According to another embodiment of the disclosed technique, the request node or the origin node may use a technique of pre-fetching to increase the data transfer rate for the data request of the client. In this embodiment, when the request node initially receives a first data request from a client and performs network identifier resolving, it can determine all the data requests that the client will have to perform to receive the data it requested. For example, the request node may be able to determine all the data requests necessary in order to display all the information on the homepage of CNN.com. In this embodiment, instead of the request node waiting for the client to forward it the next data request in order to fully retrieve the data requested, the request node pre-fetches the data to be requested by the client by forwarding all the data requests the client will make for the requested data to the origin node. For example, the request node may forward all 50-100 data requests at once to the origin node, which will retrieve all the requested data from the origin, transfer it back to the origin node which will transfer the requested data back to the request node. It is noted that web browsers on clients are limited in terms of how many simultaneous data requests they can make when loading a webpage to prevent the client from crashing or from running out of RAM. In the disclosed technique, since a server node (either a request node or an origin node), which is not a web browser, performs the pre-fetching, it is not limited to what a web browser on a client is capable of and can thus forward all the data requests necessary for loading a webpage at once. When the client sends an additional request for data for a given data request, the data will already be at the request node which can simply transfer the requested data to the client. By having the request node pre-fetch the data the client will be requesting from the origin, the data transfer rate for a regular Internet user can be significantly increased. It is noted that the above description related to the request node performing the technique of pre-fetching. It is noted that according to the disclosed technique, pre-fetching can also be performed by the origin node instead of the request node. In this embodiment, the origin node may pre-fetch requested data from the origin by sending the origin requests for all the data which will fulfill the data request of the client. When each data request from the request node is received by the origin node, the origin node can immediately forward the retrieved data to the request node without having to first retrieve it from the origin. It is noted that pre-fetching is only possible if the data requested from the origin is cache enabled and has not yet expired when the client requests data that was already pre-fetched. It is also noted that according to the disclosed technique, pre-fetching can be performed by the request node or the origin node. Heuristics can be used to determine if pre-fetching by the request node or the origin node is faster in terms of transferring the data to the client. Whichever server node is faster will be the one used to pre-fetch the requested data.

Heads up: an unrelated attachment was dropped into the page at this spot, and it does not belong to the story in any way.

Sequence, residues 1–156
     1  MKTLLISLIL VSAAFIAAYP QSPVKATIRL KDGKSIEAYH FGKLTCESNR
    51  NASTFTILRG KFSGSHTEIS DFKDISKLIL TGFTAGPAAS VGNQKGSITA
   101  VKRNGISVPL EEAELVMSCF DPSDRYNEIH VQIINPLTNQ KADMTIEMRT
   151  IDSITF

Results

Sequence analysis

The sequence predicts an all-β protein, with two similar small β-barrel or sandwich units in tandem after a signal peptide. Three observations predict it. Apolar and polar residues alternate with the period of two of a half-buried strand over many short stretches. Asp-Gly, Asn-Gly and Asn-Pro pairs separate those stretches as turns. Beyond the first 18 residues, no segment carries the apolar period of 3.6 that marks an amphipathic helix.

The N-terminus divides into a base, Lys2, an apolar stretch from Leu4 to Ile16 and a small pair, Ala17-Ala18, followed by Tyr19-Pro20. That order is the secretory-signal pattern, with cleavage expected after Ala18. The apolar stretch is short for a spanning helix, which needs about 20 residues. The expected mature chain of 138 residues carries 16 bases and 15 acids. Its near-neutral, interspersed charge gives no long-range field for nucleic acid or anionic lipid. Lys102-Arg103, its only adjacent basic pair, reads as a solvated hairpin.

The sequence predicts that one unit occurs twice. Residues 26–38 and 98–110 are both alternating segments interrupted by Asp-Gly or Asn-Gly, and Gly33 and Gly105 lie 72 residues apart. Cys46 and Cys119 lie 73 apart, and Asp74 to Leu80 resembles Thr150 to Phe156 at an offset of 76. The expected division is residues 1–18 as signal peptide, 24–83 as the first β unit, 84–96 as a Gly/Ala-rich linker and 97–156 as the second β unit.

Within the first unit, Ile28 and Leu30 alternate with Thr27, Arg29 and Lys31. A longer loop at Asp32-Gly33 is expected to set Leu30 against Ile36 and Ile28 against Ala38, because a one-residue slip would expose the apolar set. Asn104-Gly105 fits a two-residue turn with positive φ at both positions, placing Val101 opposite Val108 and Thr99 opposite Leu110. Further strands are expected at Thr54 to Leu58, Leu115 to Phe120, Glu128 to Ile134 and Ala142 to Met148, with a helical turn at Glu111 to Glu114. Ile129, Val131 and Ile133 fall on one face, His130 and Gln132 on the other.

Reference is now made to FIG. 4C, which is a schematic illustration of the WAN optimization system and network of FIG. 4A, showing a data transfer between two nodes using clustering, generally referenced 160, constructed and operative in accordance with a further embodiment of the disclosed technique. Similar elements in FIGS. 4B and 4C are labeled using identical numbering. FIG. 4C shows a client 1067 making a data request for data from origin 1044. As mentioned above, a best request node for client 1067 is determined. As shown, the best request node for client 1067 is server node 102C, herein referred to as request node 102C. Client 1067 requests similar data to the data that clients 10612 and 10613 requested, as was described above in FIG. 4B. For example, client 1067 requests to view a news story from origin 1044, or requests to view the same news story that both clients 10612 and 10613 requested to view except at a different time such that dynamic content on origin 1044 may have changed. Client 1067 sends its data request to request node 102C, as shown by an arrow 162. According to the disclosed technique, request node 102C performs network identifier resolving to determine which server node in WAN optimization system 140 is closest to the source of the requested data, to origin 1044. Request node 102C determines that the best server node, i.e. the best origin node, for retrieving the requested data is server node 102B, herein referred to as origin node 102B. According to the embodiment of the disclosed technique as described in FIG. 4B, request node 102C sends the data request to origin node 102B, shown by a dashed arrow 164. Origin node 102B would then retrieve the requested data from origin 1044, shown by a dashed arrow 166. The retrieved data would then be sent back to request node 102C, which would provide it to client 1067. According to one embodiment of the disclosed technique, if request node 102C has already handled a data request similar to the data request of client 1067, then when origin node 102B is preparing the retrieved data from origin 1044 to be sent to request node 102C, origin node 102B may notice from its DDS that a portion of the data may be able to be reconstructed from the DDS of request node 102C. In such a scenario, origin node 102B will send a message to request node 102C, indicating that it can reconstruct a portion of the data from its DDS. The portion of the data missing from the DDS of request node 102C will be forwarded to it by origin node 102B. In this respect, request node 102C will provide the requested data to client 1067 from the data received from origin node 102B as well as data it can reconstruct from its own DDS.